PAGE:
this introduction Reg guided us from the grand entry hall through the inner hall to the dining room. This was followed by the billiard room, the south hall, the drawing room, the library and the kitchen, scullery and still room. Reg also explained the delicate process of conserving the property much as it was handed over to them. They have not tried to recreate the house’s 17th century splendour, they have tried to conserve a Victorian property that was lived in as a family home until late in the 20th century. It was interesting to learn how families who inherited stately homes incorporated mod cons like electricity while trying to maintain and run these huge houses ... without the hired help and often without the financial resources that their forebears enjoyed!
At the conclusion of the tour we took a lunch break and then went back into the house to re-trace our steps from the tour, but this time around took some photos. We were also able to see a couple of ground floor rooms that were not included on the tour and the publicly accessible rooms on the first floor. Despite the changing fortunes of the family and
occupation of the house during both wars by military personnel an incredible amount of history has been preserved.
After the house we still had the gardens to explore and it was an absolutely beautiful day for a stroll around the gardens! There were very handsome Greyhound statues flanking each set of steps from the patio onto the surrounding lawns. The family coat of arms featured a Greyhound rampant hence the multitude of Greyhound statues. We sent a photo to Kerry using SMS because she doesn’t read the blog.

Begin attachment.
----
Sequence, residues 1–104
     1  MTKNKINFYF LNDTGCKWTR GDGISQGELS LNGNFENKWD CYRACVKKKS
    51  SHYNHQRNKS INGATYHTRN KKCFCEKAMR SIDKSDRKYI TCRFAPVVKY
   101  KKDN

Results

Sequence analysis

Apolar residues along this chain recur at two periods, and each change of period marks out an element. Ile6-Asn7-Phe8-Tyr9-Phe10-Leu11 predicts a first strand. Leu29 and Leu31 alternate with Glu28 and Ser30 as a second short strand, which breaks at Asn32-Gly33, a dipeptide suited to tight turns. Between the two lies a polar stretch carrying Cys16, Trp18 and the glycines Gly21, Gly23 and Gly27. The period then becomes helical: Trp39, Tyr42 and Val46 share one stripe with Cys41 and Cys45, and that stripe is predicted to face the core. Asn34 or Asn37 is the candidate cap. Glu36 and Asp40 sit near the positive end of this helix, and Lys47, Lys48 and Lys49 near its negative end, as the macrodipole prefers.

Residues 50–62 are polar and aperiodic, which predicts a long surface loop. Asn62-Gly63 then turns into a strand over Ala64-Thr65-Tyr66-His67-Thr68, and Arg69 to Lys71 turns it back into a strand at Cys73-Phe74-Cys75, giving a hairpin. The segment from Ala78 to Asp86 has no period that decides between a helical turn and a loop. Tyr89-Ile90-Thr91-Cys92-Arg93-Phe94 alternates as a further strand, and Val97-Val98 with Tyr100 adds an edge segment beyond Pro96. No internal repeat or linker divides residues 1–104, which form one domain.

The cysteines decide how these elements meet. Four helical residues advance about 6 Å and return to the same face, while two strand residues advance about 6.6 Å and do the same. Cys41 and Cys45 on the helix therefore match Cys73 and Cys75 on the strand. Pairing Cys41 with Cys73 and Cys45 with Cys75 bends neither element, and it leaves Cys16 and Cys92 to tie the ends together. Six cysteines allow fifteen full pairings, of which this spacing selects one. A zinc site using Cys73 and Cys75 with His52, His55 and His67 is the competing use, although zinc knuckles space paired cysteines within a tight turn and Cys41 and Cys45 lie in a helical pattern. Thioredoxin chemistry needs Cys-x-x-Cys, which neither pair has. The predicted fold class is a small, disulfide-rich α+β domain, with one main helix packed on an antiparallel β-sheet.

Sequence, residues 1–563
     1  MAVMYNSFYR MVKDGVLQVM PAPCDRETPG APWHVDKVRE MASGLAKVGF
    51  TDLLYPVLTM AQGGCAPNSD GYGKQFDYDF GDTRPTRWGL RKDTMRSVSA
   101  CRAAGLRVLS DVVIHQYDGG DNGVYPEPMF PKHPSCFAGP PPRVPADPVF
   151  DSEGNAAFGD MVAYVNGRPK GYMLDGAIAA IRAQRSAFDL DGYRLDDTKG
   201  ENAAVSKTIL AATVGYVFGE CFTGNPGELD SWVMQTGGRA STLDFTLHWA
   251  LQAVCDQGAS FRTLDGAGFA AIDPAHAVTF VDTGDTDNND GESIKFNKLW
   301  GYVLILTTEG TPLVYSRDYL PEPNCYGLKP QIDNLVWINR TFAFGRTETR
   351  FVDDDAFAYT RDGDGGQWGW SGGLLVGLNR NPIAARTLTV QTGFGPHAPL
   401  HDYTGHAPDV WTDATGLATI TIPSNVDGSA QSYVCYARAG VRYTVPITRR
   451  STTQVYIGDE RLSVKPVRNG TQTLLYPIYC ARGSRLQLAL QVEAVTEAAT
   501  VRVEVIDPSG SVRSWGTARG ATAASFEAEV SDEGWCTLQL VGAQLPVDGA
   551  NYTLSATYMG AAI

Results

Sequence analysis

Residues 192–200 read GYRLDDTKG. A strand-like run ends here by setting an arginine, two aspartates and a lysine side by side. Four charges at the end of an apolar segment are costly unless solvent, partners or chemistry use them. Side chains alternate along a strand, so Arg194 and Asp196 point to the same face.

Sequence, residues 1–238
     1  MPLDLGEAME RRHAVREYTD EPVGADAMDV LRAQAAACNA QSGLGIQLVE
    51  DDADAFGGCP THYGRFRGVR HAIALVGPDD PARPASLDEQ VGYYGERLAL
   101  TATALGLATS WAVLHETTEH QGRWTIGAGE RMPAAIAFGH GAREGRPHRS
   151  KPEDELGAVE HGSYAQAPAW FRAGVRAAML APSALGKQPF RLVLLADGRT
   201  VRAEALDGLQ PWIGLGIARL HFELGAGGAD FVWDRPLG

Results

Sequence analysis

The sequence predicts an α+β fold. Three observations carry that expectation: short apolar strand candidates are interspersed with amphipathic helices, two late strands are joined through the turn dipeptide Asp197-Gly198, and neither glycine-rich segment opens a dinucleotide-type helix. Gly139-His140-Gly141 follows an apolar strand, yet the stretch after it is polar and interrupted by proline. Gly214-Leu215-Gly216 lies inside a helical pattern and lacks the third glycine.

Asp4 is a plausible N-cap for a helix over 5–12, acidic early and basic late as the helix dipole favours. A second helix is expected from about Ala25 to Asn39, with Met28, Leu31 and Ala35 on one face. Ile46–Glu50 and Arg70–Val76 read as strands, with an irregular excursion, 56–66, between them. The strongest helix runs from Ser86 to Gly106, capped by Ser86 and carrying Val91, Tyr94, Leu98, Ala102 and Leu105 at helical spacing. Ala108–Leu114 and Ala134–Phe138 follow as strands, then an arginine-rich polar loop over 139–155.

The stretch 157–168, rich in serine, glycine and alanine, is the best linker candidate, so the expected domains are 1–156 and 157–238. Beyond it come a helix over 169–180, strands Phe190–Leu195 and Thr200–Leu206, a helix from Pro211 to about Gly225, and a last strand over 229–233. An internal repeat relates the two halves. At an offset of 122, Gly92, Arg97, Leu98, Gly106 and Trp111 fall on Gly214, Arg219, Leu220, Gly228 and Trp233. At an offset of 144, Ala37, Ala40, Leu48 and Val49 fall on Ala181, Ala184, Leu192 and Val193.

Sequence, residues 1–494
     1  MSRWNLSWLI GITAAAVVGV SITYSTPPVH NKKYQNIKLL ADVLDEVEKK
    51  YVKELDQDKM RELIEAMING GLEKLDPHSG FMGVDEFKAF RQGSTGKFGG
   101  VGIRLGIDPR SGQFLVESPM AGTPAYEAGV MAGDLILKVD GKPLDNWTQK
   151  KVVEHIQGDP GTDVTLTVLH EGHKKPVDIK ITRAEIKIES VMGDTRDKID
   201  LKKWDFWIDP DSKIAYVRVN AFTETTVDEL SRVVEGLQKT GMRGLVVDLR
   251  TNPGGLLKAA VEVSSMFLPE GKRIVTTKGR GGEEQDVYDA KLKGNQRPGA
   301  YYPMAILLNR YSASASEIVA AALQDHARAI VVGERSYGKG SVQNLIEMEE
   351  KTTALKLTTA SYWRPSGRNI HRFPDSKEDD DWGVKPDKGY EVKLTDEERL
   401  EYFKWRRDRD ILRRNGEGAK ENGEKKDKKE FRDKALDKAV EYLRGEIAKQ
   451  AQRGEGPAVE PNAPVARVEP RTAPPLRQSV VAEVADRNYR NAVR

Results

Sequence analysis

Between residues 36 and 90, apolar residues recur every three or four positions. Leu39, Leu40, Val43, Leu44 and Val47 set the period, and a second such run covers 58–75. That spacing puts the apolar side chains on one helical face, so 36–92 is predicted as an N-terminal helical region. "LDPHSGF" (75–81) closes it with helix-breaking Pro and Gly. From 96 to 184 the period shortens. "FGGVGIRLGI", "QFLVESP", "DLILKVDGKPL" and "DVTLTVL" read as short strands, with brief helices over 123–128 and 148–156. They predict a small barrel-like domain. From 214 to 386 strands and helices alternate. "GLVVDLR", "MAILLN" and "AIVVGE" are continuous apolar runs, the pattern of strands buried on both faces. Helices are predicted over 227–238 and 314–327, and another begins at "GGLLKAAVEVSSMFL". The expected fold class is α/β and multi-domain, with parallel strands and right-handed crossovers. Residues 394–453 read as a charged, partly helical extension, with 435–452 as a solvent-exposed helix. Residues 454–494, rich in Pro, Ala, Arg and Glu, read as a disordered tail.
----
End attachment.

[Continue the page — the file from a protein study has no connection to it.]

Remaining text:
The parterre garden was colourful and the summer house was quaint. The summer house was actually built around the same time as the Georgian house and survived its demolition to be retained as a focal point/folly for the new house. By the time we had ventured into the fern grotto and returned to the front of the house to look at the statue walk our vitamin D levels were well stocked up and it was time to head home.
We returned home the way we had travelled earlier in the day and, would you believe it, Siri confused things at the Cross Keys Roundabout again. ‘Bear right’ Siri said
and we did and blow me if we didn’t have the Birdwell Aldi in our sights again!! Damn Siri, we think what you really ought to have said was ‘stay in the centre lanes’. Oh well, since we were at the Aldi and had told Kath we would pick up a couple of things on our way home, we shopped in Birdwell which saved us going down into Stalybridge.
Tonight Colin and Lucy joined us for cards. With six people playing it was a good night to win the pot at the end of a game of Jo. And the winner was ... me! Everyone reluctantly agreed to a game of blobs to follow. At least the pain doesn’t last as long with six people playing! Despite claiming to hate the game, Lucy was victorious.
Steps: 9,997 (Damn, three steps short!)